and petition with anyone older than 16 at a location where the defendant can
probably be found, as stated in the affidavit, or in any other manner that the affidavit
or other evidence shows will be “reasonably effective” to give notice of the suit.
TEX. R. CIV. P. 106(b). Rule 108a authorizes methods of service on a party in a
foreign country, including service as provided by Rule 106 and “by other means . . .
as the court orders,” but the rule states that the method of service “must be
reasonably calculated” to give “actual notice of the proceedings to the defendant in
time to answer and defend.” TEX. R. CIV. P. 108a.1 A court may not issue a default
judgment unless proof of service in compliance with the rules has been filed. TEX.
R. CIV. P. 107(h).
When a defendant has not answered in a lawsuit, a trial court acquires personal
jurisdiction over that defendant solely on proof of proper service. Furst v. Smith, 176
S.W.3d 864, 868 (Tex. App.—Houston [1st Dist.] 2005, no pet.) (citing TEX. R.CIV.
P. 107). A default judgment can only be sustained if the record before the trial court
affirmatively shows the defendant was served in “strict compliance” with the Texas
Rules of Civil Procedure. Spanton v. Bellah, 612 S.W.3d 314, 316 (Tex. 2020) (per
curiam); Primate Constr., Inc. v. Silver, 884 S.W.2d 151, 152 (Tex. 1994) (per
curiam). When examining a default judgment, we indulge no presumptions in favor
of valid issuance, service, or return of citation. Spanton, 612 S.W.3d at 316. Failure
to comply strictly with the Texas Rules of Civil Procedure constitutes reversible
error on the face of the record. Ins. Co. of State of Pa. v. Lejeune, 297 S.W.3d 254,
256 (Tex. 2009) (per curiam).
1 Rule 108a was amended effective December 31, 2020, and currently authorizes
service on a party in a foreign country as provided by Rule 106(a), rather than by
Rule 106 in its entirety, but neither party disputes that the previous version of the
rule authorizing service as provided by Rule 106 in its entirety was in effect when
Jaka attempted to serve Rina in this lawsuit. See Order Amending Texas Rules of
Civil Procedure 106 and 108a, Misc. Docket No. 20-9103 (Tex. Aug. 21, 2020),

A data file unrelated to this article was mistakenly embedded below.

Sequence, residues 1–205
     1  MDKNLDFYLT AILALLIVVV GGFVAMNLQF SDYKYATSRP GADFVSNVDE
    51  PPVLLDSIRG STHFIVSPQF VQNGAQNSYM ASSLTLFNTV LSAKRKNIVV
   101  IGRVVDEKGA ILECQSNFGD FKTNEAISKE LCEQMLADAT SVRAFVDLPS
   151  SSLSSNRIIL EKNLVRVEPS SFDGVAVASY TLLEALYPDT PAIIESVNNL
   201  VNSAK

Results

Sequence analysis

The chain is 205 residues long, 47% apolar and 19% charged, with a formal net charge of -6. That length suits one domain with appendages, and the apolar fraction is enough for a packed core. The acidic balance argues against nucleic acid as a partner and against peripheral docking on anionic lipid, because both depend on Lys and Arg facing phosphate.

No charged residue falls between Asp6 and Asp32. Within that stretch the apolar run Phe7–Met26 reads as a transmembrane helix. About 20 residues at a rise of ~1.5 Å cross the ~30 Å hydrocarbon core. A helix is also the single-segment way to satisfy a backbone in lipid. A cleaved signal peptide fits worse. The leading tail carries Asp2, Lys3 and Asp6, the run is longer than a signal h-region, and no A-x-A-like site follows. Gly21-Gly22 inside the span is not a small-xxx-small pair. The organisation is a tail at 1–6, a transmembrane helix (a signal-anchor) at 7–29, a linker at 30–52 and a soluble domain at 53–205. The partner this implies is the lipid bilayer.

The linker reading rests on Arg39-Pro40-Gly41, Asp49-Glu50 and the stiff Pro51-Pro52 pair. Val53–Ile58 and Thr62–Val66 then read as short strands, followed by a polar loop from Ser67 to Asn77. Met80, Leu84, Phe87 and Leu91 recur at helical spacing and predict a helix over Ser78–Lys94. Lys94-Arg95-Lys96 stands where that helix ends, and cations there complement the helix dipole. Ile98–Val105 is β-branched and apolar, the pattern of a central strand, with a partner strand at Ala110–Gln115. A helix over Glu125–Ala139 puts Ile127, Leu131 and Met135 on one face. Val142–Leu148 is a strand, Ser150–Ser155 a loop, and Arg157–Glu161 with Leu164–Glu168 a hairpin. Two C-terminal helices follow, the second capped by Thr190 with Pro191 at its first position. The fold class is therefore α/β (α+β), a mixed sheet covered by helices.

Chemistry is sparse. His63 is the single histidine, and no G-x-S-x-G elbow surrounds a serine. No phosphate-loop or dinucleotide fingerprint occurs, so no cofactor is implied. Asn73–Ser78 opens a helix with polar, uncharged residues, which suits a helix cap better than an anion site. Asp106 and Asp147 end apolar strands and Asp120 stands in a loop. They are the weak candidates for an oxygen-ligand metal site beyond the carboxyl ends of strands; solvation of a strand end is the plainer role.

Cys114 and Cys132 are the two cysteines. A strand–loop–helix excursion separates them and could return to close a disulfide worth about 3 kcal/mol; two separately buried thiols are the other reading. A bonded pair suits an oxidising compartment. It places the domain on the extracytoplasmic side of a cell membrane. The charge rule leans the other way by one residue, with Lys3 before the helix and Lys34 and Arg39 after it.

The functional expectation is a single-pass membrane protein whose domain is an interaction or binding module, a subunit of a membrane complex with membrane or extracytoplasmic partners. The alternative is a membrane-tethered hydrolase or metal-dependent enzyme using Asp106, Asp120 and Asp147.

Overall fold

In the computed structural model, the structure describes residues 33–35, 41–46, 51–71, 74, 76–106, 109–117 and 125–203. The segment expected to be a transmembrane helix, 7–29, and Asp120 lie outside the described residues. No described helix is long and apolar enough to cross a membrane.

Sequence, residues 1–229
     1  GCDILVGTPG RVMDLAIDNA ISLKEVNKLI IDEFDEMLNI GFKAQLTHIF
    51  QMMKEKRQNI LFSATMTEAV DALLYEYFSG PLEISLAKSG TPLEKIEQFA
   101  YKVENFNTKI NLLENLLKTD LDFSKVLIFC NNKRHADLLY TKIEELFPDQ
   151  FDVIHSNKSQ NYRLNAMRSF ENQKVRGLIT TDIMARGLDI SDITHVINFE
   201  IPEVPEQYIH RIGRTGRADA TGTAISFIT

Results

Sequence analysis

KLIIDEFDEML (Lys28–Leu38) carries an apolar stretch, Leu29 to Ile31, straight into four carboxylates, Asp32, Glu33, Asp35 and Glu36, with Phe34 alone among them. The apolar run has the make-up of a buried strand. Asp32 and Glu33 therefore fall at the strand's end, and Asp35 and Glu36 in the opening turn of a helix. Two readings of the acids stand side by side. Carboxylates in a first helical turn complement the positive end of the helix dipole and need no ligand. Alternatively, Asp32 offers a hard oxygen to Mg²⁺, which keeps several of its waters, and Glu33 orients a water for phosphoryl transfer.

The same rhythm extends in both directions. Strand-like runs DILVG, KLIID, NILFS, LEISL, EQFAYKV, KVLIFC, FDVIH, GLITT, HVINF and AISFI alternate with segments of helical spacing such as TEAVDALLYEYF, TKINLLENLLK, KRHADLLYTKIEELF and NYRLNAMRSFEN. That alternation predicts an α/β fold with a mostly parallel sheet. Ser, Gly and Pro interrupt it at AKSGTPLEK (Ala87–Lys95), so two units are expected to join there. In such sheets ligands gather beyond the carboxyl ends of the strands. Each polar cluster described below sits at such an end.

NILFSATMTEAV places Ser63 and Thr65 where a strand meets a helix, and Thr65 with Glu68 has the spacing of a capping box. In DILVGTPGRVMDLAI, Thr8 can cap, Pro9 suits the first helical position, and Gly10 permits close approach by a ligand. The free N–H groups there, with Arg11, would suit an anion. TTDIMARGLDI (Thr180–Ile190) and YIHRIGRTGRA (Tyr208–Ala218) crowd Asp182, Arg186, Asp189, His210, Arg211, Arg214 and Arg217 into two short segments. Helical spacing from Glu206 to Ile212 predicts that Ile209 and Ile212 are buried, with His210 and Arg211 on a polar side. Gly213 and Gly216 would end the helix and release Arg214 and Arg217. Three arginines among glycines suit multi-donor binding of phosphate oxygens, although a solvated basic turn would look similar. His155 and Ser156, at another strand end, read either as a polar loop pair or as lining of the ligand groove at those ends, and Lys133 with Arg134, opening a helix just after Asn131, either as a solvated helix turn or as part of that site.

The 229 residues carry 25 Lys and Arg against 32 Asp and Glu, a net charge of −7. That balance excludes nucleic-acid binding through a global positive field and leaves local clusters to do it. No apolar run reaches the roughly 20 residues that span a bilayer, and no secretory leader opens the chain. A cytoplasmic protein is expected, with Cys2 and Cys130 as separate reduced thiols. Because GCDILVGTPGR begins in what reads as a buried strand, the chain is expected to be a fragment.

Rina contends error is apparent on the face of the record because service was
defective. Specifically, Rina argues that the trial court’s order authorizing a
substitute method of service did not strictly comply with Rule 106 because the order
authorized a substitute method of service that was not “reasonably effective” to give
her notice of the lawsuit. Relying on this Court’s opinion in Furst v. Smith, Rina
argues that there was no evidence that the security guard at the front gate to her
parents’ gated community was a proper representative for her or that serving the
security guard would be “reasonably effective” or “reasonably calculated” to provide
her with notice of the lawsuit. See 176 S.W.3d at 870–71; TEX. R. CIV. P. 106, 108a.
Jaka’s affidavit supporting his motion for substitute service stated that Rina
was staying at her parents’ house in Indonesia, which was located in a gated
community that was “very hard to gain access to.” The affidavit stated Rina had sent
him two emails from a specific email address in January of 2020, and he believed
that Rina was still using that email account. At the hearing on the motion for
substitute service, Jaka’s counsel asked to leave copies of the petition and citation at
the door to Rina’s parents’ house, or if that did not work, then for other alternatives,
like certified mail or email. The trial court agreed to allow substitute service by
leaving copies of the citation and petition with a person over 16 at Rina’s parents’
house or by posting copies on the door there. The trial court then questioned Jaka
and his counsel about entering the gated community:
THE COURT: Is there like a person at the front gate or how does it
[COUNSEL]: There is somebody there.
MR. JANAKA: There is a security guard at the front gate.
THE COURT: How big of an enclave is this? Like how many
apartments? Are there a million, a hundred?
MR. JANAKA: It’s like a housing. It’s like a compound, maybe 100
THE COURT: It’s a hundred houses in a compound?
MR. JANAKA: Uh-huh.
THE COURT: Do you think the security guard would know who Ms.
MR JANAKA: Yes.
THE COURT: How do you know that?
MR. JANAKA: Because she is living there.
THE COURT: Okay. And he is a security guard at the front gate?
MR. JANAKA: Yes.
As this Court stated in Furst, substitute service under Rule 106(b)
contemplates delivery to a “proper representative” of the defendant. 176 S.W.3d at
871 (quoting MCDONALD & CARLSON, TEXAS CIVIL PRACTICE § 11.58 (2d ed.
2000)). In other words, the rule requires a showing that the person upon whom
substitute service is requested is a proper representative so that the substitute service
will be “reasonably effective” to notify the named defendant. Id.
As in Furst, nothing on the face of the record here demonstrates that the